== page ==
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Etiquette for vow renewals

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What is a vow renewal and why do couples choose to have one? • How do the ceremony and vows for a renewal or affirmation differ from the ceremony for a wedding? • How formal should the event and attire be? • What about flowers and other decorations?  • Should there be attendants? • What should the invitations say? • What reception traditions from the wedding are appropriate for a renewal reception? • How can couples involve their children and families? • Songs/readings that are especially vow-renewal-appropriate? • What about other diplomatic concerns?  • What about gifts? • Renewal of Vows Example 1  • Renewal of Vows Example 2  • Renewal of Vows Example 3 • Renewal of Vows Example 4 • Renewal of Vows Example 5
 

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My parents want to renew their marriage vows and I need to find out some information on certain areas of the wedding.  First of all what is the etiquette for renewal of vows as far as the ceremony and reception goes.  Second my sister wants to give my mom a bridal shower, how do we go about doing it since my mom has a home with everything in it.  Third, how do we word the invitation because my mom wants to put all our names on it including her grandchildren. And Finally are there any websites regarding renewal of vows.
 

 

Honoring your parents with a vow renewal ceremony is a wonderful way to celebrate their marriage.
 
A vow renewal ceremony is somewhat different from a wedding because the couple is already married.  To find information about planning such a ceremony and the etiquette involved, visit www.memorable-events.com/articles.htm then choose the link for vow renewal ceremony.

Planning a Vow Renewal Ceremony

A vow renewal ceremony is a special way to declare your continuing commitment to your spouse before family and friends.  The ceremony can occur any time after your original wedding ceremony.  Couples who eloped or had a “destination” wedding may choose to renew their vows shortly after the original wedding at a gathering for family and friends.  Others may choose to renew their vows on a special anniversary, such as the 10th, 15th, or 25th.  Since the couple is already married, there are differences between a vow renewal ceremony and a wedding.  Following are some of the differences to consider:

  •  Since the ceremony is symbolic, not legal, a minister or judge does not need to perform it, nor do you need to obtain a marriage license.  You might choose to ask a father, grandfather, or special friend to perform the ceremony, thus making it very personal.

  • Personalize your vows if you have been married for a number of years.  You might mention the years past and those in your future together, giving special meaning to the occasion.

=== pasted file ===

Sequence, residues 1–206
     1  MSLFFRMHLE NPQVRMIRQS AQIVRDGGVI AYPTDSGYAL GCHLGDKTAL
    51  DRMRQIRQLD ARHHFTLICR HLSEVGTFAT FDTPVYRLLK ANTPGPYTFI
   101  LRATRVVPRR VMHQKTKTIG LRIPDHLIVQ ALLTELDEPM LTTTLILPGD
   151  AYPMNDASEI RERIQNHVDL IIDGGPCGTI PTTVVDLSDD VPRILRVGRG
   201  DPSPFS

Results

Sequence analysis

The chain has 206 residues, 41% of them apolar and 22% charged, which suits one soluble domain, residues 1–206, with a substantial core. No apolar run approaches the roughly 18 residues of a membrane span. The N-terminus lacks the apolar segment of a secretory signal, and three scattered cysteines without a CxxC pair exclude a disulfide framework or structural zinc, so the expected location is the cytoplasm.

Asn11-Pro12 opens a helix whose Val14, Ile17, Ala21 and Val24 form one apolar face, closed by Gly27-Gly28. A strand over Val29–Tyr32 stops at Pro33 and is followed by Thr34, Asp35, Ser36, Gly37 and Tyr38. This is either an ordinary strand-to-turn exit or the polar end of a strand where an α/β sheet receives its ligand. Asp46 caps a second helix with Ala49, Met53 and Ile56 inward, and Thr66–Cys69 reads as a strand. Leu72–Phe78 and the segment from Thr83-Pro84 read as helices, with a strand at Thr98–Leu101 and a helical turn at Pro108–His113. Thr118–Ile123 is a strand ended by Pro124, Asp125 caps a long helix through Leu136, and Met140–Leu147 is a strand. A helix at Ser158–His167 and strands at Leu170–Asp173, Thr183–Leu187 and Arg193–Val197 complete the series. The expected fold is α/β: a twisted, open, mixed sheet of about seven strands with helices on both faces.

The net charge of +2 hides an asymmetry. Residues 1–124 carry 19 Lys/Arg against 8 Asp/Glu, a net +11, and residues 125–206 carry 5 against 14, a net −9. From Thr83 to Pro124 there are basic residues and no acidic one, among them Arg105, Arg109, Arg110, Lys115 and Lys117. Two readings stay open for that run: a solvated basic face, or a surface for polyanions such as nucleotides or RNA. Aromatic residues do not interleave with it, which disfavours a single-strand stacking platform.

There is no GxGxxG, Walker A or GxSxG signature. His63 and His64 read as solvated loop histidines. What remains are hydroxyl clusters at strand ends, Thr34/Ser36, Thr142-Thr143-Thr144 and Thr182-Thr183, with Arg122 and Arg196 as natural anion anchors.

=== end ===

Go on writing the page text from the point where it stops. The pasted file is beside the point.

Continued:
• Since the bride is already married, her father should not “give” her in marriage to the groom.  He may walk her down the aisle, however.
  • The length of time since the original wedding will dictate what the bride wears.  She should not wear a blusher (a veil over her face), but she may wear a white dress.  if she was recently married, she might wear her gown and veil again (minus the blusher).  However, if she has been married for several years, a wedding gown and veil would not be appropriate. Instead, a formal gown could be worn, or a dress or slacks for a more casual event.
  • Don't include the exchange of rings in the ceremony unless the bride is receiving a new ring or an anniversary ring.
  • Couples should not register for gifts or have a bridal shower unless they were recently married.  Most guests will not bring gifts unless the vow renewal occurs shortly after the original marriage or on a "milestone" anniversary, such as the 25th or 50th.
  • If you have children, include them in the ceremony as bridesmaids, groomsmen, flower girl or ring bearer.
  • Don’t use a vow renewal as an occasion to live out your fantasies of the dream wedding you didn’t have.  Instead, keep it simple and dignified and related to the length of time you have been married.
  • Do display items from the original wedding, if possible.  If you were recently married, you might show the wedding video and any photos that you have.  Those who have been married for several years might display their wedding photos, play the original wedding music, or have a baker re-create your wedding cake.  Invite members of the original wedding party to attend.

A vow renewal ceremony is a wonderful way to reaffirm your commitment and love for your spouse before family and friends.   The ceremony can strengthen family bonds as you create  new memories together

 

 
Your sister should not give your mother a bridal shower, since she is not a bride.  She might have some other type of party, however, that would be a fun way for family and close friends to celebrate.  She might call it a "Second Trip to the Altar" party or something similar.  Gifts might include personal items, like bath products, that can be used up rather than another thing to store.  If your parents are taking a trip, gifts might relate to what they will need for the trip - film, sunscreen, travel guides, etc., or guests might go in together to buy them one nice gift, such as a new camera or luggage.
 
Your mother can put all of your names on the invitation if there aren't too many names.  Otherwise, it would be better to say, "The children and grandchildren of Joe and Eva Brown invite you ......"  Then, if you are giving guests a program at the vow renewal, the names of all the children (and spouses) and grandchildren can be listed in the program.
 
 
Glenna Tooman, ForeverWed.com Wedding Consultant
 


 

 
 



 
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